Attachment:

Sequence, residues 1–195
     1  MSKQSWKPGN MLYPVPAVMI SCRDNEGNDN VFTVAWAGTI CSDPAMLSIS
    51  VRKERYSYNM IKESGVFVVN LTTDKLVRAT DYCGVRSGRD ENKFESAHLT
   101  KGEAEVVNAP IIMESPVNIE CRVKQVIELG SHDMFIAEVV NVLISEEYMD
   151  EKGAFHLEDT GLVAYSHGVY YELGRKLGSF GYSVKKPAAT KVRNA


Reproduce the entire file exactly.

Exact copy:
Sequence, residues 1–195
     1  MSKQSWKPGN MLYPVPAVMI SCRDNEGNDN VFTVAWAGTI CSDPAMLSIS
    51  VRKERYSYNM IKESGVFVVN LTTDKLVRAT DYCGVRSGRD ENKFESAHLT
   101  KGEAEVVNAP IIMESPVNIE CRVKQVIELG SHDMFIAEVV NVLISEEYMD
   151  EKGAFHLEDT GLVAYSHGVY YELGRKLGSF GYSVKKPAAT KVRNA